Parker will instead focus on what he does best in Chicago: getting buckets.
“I just stick to my strengths. Look at everybody in the league. They don’t pay players to play defense. There’s only two people historically that play defense. I’m not going to say I won’t, but to say that’s a weakness is like saying that’s everybody’s weakness. Because I’ve scored 30 and 20 on a lot of guys that say they play defense.
“If you know the game, you also know that everyone’s a pro, right? And you know that certain guys have an average. No matter what you do, they still get that average. They pay people to score the ball, and I would hope that somebody scores the ball on me if they pay them that much. So, I’m not saying that to cop out or nothing. It’s the NBA. We’re professionals. Everybody scores. It’s just about limiting them as much as you can, trying to contain them.”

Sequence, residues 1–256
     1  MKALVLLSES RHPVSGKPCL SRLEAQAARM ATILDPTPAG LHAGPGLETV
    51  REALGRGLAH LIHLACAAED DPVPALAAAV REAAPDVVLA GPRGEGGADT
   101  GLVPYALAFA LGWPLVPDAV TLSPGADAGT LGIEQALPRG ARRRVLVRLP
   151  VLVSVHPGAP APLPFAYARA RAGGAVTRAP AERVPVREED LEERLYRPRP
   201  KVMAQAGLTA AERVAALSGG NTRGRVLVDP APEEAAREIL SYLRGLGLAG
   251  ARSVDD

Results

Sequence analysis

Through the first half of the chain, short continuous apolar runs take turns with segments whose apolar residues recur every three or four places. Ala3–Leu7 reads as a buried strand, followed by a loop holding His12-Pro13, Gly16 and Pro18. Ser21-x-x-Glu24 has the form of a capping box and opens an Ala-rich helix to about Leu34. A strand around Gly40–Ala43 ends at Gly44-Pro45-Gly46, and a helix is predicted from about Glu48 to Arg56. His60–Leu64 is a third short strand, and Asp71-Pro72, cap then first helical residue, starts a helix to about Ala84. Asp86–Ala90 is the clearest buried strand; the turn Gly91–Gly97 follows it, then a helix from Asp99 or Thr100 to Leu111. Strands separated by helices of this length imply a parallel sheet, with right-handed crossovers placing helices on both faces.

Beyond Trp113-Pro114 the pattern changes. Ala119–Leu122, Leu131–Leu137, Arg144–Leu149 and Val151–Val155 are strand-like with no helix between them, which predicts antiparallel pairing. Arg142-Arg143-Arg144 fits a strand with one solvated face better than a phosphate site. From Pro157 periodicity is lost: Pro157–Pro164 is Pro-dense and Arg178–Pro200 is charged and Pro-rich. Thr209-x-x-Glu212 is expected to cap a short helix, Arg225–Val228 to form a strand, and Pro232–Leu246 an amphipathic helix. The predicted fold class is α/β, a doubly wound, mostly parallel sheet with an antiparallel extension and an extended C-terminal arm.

Parker, 23, inked a two-year, $40 million deal with his hometown squad.
— 670 The Score (@670TheScore) July 19, 2018
Per 670 The Score:
“I felt like I wanted to a Chicago Bull as soon as they showed interest,” Parker said. “Because it’s always been a dream to me, especially to come back home.”
If the year-long experiment works, they can exercise the team option for $20 million or decline it and sign him to a new deal if Parker seeks longer-term security. In that latter case, the new deal could be for up to four years. If this doesn’t work out, Chicago can let him walk next summer and be a major player in free agency with ample cap space in July 2019.
“I don’t look at is as a lot of pressure,” Parker said of returning to his hometown. “I’m just looking forward to building new memories, especially with the young core that we have.”